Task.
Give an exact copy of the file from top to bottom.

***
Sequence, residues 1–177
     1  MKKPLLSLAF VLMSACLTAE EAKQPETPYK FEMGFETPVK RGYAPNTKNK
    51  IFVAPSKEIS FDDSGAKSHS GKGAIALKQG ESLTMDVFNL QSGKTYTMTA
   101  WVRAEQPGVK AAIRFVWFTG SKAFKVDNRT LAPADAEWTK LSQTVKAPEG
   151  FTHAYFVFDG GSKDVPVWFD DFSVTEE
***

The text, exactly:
Sequence, residues 1–177
     1  MKKPLLSLAF VLMSACLTAE EAKQPETPYK FEMGFETPVK RGYAPNTKNK
    51  IFVAPSKEIS FDDSGAKSHS GKGAIALKQG ESLTMDVFNL QSGKTYTMTA
   101  WVRAEQPGVK AAIRFVWFTG SKAFKVDNRT LAPADAEWTK LSQTVKAPEG
   151  FTHAYFVFDG GSKDVPVWFD DFSVTEE